Food & Drink

Livent bosses robbed Show Boat to pay Ragtime

Gordon Eckstein’s version of Livent’s accounting practices reminds me more and more each day of a punchline from the Marx Brothers movie Duck Soup: the Minister of Finance says, “Here is the Treasury Department’s report, sir. I hope you’ll find it clear.” To which Rufus T. Firefly replies, “Why, a four-year-old child could understand this report. Run out and find me a four-year-old child—I can’t make head or tail of it.”

Eckstein completed his third day on the stand by laying out chapter and verse—with the numbers growing larger every year—the chronology of Livent’s allegedly cooked books from 1992 through 1998. Put simply (or at least as simply as a complicated scheme like this can be), Myron Gottlieb and Garth Drabinsky robbed Peter to pay Paul—or, in this case, robbed Show Boat to pay Ragtime. Each time a Livent production started to show a loss, money earned from another production would be rolled into the flop, et voilà! A hit!

Eckstein and his interlocutor, Crown prosecutor Bob Hubbard, refer to these accounting miracles delicately as “adjustments” or “intra-period reallocations.” At one point, tossing his head mischievously toward certain gallery observers who were feverishly taking notes, Hubbard asked Eckstein, “Would you say that again? ’Cause there’s a few other accountants in the room.”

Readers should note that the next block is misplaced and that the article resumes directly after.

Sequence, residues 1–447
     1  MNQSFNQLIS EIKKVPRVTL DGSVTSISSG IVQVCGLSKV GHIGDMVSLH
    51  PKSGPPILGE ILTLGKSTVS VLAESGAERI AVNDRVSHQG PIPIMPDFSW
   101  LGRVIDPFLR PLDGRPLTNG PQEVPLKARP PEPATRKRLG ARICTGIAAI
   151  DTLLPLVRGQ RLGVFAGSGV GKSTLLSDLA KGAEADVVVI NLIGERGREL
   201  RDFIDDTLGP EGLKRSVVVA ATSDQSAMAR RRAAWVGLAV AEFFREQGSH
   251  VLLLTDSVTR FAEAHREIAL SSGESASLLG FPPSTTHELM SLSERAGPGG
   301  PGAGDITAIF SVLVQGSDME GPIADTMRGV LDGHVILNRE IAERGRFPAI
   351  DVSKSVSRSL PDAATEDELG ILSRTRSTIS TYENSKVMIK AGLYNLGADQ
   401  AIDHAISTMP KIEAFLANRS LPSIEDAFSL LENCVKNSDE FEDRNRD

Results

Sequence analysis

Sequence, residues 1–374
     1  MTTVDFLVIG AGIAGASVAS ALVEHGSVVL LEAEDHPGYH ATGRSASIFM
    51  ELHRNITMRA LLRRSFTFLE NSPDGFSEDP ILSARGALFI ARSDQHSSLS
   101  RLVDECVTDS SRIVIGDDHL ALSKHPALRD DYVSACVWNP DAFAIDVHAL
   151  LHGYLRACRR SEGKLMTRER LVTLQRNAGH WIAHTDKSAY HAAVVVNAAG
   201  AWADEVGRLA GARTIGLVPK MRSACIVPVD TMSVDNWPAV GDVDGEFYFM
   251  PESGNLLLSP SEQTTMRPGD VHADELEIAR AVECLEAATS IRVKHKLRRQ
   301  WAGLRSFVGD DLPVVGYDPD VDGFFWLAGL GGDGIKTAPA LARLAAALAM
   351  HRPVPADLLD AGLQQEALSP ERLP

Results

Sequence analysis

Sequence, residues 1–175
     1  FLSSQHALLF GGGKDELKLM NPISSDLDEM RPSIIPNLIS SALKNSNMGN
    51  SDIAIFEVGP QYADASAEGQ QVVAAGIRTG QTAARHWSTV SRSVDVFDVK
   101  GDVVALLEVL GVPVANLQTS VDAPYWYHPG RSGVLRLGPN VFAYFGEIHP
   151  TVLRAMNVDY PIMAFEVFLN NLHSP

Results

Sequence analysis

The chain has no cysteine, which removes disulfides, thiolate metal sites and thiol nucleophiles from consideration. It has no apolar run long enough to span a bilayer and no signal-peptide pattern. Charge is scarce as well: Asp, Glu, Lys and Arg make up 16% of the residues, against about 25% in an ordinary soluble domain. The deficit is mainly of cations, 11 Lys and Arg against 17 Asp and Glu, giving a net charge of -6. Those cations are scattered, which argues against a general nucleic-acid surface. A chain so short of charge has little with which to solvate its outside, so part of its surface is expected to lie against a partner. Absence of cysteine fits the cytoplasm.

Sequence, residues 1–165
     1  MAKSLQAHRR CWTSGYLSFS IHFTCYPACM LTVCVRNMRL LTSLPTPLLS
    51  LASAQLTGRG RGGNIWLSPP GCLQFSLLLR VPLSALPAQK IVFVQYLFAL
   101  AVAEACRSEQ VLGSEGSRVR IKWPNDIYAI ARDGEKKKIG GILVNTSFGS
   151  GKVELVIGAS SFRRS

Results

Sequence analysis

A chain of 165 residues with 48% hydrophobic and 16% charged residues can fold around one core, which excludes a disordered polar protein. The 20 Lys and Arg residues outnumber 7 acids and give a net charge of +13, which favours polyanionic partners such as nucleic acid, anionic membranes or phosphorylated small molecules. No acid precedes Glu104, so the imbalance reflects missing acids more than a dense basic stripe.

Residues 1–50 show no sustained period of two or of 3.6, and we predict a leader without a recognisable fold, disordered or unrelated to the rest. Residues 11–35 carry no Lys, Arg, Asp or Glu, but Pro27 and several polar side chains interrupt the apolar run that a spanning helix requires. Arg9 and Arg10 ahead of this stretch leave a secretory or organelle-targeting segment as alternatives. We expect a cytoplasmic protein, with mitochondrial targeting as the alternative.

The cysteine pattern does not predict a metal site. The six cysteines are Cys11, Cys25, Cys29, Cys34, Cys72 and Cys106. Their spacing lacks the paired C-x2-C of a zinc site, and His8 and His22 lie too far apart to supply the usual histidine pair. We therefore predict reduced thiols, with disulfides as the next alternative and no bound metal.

In fact, among these fervent note-takers were several non-accountants. They were lawyers acting for Garth and Myron in some of their ongoing civil matters, including one David Roebuck, who we’d seen before at the Black trial. Throughout the day, they were seen caucusing with team Greenspan in and out of the court, presumably helping concoct a plot that will explain away all this numerical hocus-pocus as merely “aggressive” accounting or some other innocent—or at least not guilty—practice.

NB: In the papers yesterday, the Star’s David Olive weighed in with more sadness than anger in his quasi-editorial, suggesting that “putting the man’s insufferable personality aside—not easy to do—a fair-minded assessment would find that Drabinsky’s downfall was to no one’s gain, and indeed a significant cultural loss for a Toronto lacking in bold dreamers.”

I take it Olive is referring here to Drabinsky’s interest in theatre, not accounting.

David Olive’s Lookahead [Toronto Star]• Livent hid large losses, court told [Toronto Star]• RBC noticed accounting irregularities with Livent, trial hears [Canada]Livent made larger adjustments to meet projections, court told [Globe and Mail]


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